Everyone should read this book. If I am ever allowed to teach Freshman Composition, I would assign this book to my students in a heartbeat; I wish I could send a copy to every one of my former secondary-school students. It is at once inspiring and elegantly readable, the perfect companion for lovers of literature and aspiring writers all at once. How to Write a Sentence is a companion and a textbook simultaneously: Fish introduces his reader to books and sentences he loves (as if having a conversation) and then offers instructions for replicating the style and form of each example. Read this; assign this; practice following its guidelines; read it again.

Fish's slim little volume is as revolutionary and fresh for its time as Elements of Style was back in the early 1900s. Nearly a century later, How to Write a Sentence gives readers--and aspiring writers--fresh models and useful exercises that point out stylistic technique in concrete, practical ways. Read this book, but slowly. It is a delight.

(Original review: http://legereinterlitteras.blogspot.com/2013/01/stanley-fishs-sentence-style-bet...) ( )
  palaephata | Jun 21, 2015 |
An unapologetic potboiler, and probably not of very much practical use as a self-help book. But enjoyable enough as a virtuoso display of off-the-cuff textual criticism without a safety net of technical jargon.

Fish argues that we should see a sentence as a structure of logical semantic relationships between things rather than as a grammatical entity, an idea that he demonstrates in practice by taking a selection of famous and not-so-famous sentences from Great Writers and explaining how they convey meaning. Of course, Fish has been filleting the giants of Eng Lit for a living for half a century and is pretty good at it by now, so this is extremely well worth watching. Milton features heavily, as you would expect, but there's also a lot of Henry James, Joseph Conrad and Ford Maddox Ford, and the occasional venture into contemporaries like Philip Roth. Gertrude Stein and Virginia Woolf get a look in too. To his credit, Fish manages to hop across genres and centuries with remarkably little fuss: most of his examples need only a couple of lines of context to guide the reader along, and he manages almost entirely without resorting to the sort of technical terms that might scare beginners away. Fish isn't a Joseph Conrad or a Milton himself, of course: he's a university professor who has a lot of experience writing newspaper columns, so the text is fluent and presentable, but it doesn't pretend to be an example of what it is analysing.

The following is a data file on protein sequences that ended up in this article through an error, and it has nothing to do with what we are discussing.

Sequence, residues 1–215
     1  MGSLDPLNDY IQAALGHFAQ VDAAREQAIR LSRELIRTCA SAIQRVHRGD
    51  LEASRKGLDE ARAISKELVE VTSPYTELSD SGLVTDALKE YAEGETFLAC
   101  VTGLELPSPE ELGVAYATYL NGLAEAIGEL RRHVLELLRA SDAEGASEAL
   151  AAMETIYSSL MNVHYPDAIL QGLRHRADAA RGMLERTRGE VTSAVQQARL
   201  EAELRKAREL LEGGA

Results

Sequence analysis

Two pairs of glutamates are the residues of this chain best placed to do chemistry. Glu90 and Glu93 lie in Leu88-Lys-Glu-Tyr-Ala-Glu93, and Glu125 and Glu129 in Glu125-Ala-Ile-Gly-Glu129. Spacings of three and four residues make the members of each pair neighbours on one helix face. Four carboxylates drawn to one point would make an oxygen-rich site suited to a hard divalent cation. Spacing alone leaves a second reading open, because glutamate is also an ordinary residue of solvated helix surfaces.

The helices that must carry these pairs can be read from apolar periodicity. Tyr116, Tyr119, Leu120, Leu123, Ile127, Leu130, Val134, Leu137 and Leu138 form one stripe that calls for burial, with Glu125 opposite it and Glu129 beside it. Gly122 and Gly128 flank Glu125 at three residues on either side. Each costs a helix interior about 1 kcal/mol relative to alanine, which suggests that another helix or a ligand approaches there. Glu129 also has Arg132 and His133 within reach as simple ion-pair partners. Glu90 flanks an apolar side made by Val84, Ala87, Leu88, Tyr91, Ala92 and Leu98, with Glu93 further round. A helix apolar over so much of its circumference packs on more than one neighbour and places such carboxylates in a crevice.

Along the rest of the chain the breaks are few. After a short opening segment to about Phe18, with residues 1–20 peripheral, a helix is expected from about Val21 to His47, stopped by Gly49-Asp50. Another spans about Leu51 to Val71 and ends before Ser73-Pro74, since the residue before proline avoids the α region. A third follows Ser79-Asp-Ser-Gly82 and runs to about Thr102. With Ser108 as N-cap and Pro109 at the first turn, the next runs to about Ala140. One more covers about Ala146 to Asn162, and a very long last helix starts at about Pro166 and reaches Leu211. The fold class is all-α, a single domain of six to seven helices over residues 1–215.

The hypothetical self-helper who is following along with pen and paper is encouraged to try making up variants on these formulae ("It is a far, far, duller thing that I write now than I have ever written..."), but even Fish doesn't really seem to believe that this is going to happen. He mentions that it was his publisher who proposed the title of the book, and his wife the subtitle: that figures. As a "How to write..." book, I'm sure this must sell better than if it were marketed as a beginner's guide to close-reading of English prose, which is what it really is. ( )
  thorold | Oct 16, 2014 |
Viser 1-5 af 18 (næste | vis alle)